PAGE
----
The Coal River Walhonde River Trail is long at 88 miles (with shorter sections along the way), but it's a calm river with a maximum of Class-II rapids. There may be a few eddies and sharp turns here and there, but it's a safe, easy ride for paddlers looking for a leisurely trip.
Time To Complete
With the average distance around 8 miles for each section, the trail is divided in a way that shouldn't exceed 6 hours of paddling each day. Shorter trails will, of course, take less time to complete, but 6 hours is a fair average.
The Coal River Walhonde Trail is accessible year-round. Depending on the weather and your scenery preferences, each season provides a different glimpse into rural WV coal country.
On Leash Only
There is no fee to access the Walhonde River Trail. The Coal River Group does provide kayak and canoe rentals at the following rates: single kayak—$35 per day; tandem (double) kayak—$65 per day; and canoes—$100 per day.
The Coal River is made up of three parts: the Big Coal and the Little Coal, and then once these two combine, the mainstem Coal River. Designated by the National Register of Historic Places, these three sections make up the 88-mile Walhonde River Trail, created by the St. Albans-based Coal River Group. With around 17 access points, from the top of the trail in Boone County to St. Albans at the confluence of the Coal and Kanawha Rivers, the trail runs through the epicenter of West Virginia’s remote coal mining counties. It’s also the first federally designated water trail that is entirely within the state of West Virginia. With a maximum Class-II difficulty level, Coal River’s runs are smooth, and make for long, leisurely trips through scenic, historic, and rural West Virginia coal country.
What Makes It Great
The river is a much-loved destination for outdoor recreation and river tourism. The Coal River Group started a watershed restoration project in 2004, and it has significantly improved water quality.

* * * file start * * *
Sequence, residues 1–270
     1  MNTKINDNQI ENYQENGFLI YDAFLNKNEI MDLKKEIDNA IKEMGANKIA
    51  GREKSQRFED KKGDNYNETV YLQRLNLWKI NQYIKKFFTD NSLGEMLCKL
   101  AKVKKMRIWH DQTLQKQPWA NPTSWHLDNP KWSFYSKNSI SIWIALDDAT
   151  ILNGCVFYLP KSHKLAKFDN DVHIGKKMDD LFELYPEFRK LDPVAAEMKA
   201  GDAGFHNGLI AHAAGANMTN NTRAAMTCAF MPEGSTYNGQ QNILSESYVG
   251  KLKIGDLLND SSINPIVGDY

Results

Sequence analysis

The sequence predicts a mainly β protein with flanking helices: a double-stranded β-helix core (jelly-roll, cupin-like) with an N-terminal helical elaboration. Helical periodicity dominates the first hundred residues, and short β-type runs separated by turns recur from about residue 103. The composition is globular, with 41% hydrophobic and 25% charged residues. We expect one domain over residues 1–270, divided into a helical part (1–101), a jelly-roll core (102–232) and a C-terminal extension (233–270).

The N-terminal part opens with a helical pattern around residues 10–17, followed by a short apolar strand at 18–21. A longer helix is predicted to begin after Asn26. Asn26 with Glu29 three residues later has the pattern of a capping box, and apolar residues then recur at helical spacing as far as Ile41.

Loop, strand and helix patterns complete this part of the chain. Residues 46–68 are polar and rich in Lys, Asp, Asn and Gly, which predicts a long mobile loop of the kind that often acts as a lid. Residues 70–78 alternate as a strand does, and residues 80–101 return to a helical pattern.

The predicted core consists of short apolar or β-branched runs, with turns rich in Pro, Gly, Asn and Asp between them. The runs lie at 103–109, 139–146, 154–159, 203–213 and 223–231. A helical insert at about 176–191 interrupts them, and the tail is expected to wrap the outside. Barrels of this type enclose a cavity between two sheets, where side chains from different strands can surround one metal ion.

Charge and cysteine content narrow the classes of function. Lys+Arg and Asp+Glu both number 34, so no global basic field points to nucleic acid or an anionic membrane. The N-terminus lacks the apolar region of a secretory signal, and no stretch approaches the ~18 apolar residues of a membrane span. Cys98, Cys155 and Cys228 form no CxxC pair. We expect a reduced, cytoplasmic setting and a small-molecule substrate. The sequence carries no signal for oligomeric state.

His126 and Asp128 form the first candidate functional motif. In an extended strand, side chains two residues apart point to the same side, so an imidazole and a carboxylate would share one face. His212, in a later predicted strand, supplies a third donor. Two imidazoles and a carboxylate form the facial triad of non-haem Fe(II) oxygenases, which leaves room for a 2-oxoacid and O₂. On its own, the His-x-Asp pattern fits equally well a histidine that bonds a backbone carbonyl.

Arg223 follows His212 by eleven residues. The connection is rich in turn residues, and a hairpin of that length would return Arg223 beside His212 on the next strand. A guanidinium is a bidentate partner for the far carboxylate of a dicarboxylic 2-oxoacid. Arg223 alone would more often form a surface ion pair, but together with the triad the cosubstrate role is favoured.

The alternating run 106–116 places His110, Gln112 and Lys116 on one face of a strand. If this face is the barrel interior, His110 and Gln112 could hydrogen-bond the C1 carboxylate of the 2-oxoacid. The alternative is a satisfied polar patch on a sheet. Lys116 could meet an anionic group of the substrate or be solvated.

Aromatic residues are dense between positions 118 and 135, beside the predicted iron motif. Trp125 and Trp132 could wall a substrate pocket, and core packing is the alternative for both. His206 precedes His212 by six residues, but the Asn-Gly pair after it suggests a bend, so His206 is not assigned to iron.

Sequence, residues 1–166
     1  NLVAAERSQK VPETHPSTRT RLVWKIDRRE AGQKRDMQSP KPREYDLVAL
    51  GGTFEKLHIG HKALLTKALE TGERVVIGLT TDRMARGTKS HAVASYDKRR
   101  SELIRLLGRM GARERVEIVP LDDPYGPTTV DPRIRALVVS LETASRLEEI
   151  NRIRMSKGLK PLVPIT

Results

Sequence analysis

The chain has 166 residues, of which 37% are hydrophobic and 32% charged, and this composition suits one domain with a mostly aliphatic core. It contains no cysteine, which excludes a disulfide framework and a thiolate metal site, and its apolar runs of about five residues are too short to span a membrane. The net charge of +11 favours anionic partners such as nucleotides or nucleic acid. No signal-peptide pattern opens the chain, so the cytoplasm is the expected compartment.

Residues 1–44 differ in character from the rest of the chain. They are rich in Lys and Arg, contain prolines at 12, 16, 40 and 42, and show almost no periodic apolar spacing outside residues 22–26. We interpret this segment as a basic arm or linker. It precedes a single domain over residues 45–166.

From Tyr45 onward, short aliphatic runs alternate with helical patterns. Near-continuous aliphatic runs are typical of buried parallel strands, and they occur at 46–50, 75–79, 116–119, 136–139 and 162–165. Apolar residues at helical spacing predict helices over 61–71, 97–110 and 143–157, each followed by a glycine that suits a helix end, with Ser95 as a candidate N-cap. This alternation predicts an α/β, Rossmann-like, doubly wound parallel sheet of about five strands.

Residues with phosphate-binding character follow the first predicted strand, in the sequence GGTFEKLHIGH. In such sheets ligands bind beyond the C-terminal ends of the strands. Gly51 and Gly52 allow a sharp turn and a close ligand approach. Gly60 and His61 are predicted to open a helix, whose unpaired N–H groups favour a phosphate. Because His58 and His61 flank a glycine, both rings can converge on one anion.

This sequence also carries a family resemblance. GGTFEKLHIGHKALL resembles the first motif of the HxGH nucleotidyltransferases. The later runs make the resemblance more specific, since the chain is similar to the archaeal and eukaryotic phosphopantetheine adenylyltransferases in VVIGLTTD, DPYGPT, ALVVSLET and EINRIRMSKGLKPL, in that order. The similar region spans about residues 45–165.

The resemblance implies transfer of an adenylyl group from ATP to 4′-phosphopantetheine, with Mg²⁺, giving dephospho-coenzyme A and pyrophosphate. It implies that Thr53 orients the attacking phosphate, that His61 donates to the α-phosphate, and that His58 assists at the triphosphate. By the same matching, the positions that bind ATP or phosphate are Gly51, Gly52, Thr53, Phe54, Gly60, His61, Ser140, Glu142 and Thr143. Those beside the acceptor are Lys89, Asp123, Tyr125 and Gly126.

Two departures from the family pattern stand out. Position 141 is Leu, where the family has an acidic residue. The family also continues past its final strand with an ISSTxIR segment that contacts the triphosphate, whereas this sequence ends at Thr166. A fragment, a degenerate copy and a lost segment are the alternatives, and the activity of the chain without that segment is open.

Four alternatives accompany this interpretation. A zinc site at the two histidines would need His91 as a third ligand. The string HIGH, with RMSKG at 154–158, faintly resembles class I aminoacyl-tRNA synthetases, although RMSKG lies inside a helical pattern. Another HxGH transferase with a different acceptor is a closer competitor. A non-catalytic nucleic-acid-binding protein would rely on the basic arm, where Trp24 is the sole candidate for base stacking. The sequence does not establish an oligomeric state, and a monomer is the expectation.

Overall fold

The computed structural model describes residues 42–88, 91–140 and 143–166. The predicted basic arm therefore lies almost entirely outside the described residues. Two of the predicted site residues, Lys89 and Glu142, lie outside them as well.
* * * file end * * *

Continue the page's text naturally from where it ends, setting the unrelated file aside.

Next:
Because there are so many put-ins and take-outs along the 88-mile trail, boating journeys can range from just 3 miles to 14.5 miles. The Coal River Group has created a map of the access points along the trail system, including the exact locations of put-in/put-out zones and riverside facilities along the way.
Winding through coal country, you will see all sorts of scenery and pass through several small communities, including Whitesville, Sylvester, Racine, Peytona, Ashford, Emmons, Alum Creek, Madison, Danville, Julian, MacCorkle, and Upper Falls, before ending at St. Albans along the Midland Trail. St. Albans is the biggest community along the trail, with a population of just less than 11,000.
Who is Going to Love It
Because the water ranges from flatwater to Class II over the course of the Walhonde Trail, it’s a safe, calm, and relaxing excursion, whether you paddle just 1 section or decide to do the whole 88 miles. The Coal River is a great family excursion or a classroom for beginners, where you can really focus on the fundamentals of navigating a river. While there may be a few eddies you’ll need to navigate through along the way, there are no major obstacles that will be a challenge to a beginner or leisurely paddler.
The Walhonde Trail sections are also great for paddlers who enjoy fishing from their boats (a WV fishing license is required). There’s a variety of fish including brook trout, white bass, redbreast and pumpkinseed sunfish, walleye, largemouth and smallmouth bass, perch, bigmouth buffalo, brown trout, bluegill, carp, catfish, rainbow trout, and muskellunge.
Directions, Parking, & Regulations
Visit the Coal River Group’s website for a map and directions to specific put-in/take-out locations. They recommend checking water levels before taking a trip along the Walhonde Trail. Optimal water levels on the Big Coal River are 1.9 to 5 feet, and ideal levels on the main Coal River are 10.2 to 11.5 feet. Water levels below the minimum recommended level could result in dragging at the river bottom, and levels above could be dangerous for paddlers.
Keep in mind that most most of the land along the river is private property. There are no public campsites at this time, although there are lodging opportunities in the communities you pass through. Plan your river trip accordingly, and be respectful of local residents and private property. Park in designated areas at the marked put-in/take-out points along the trail.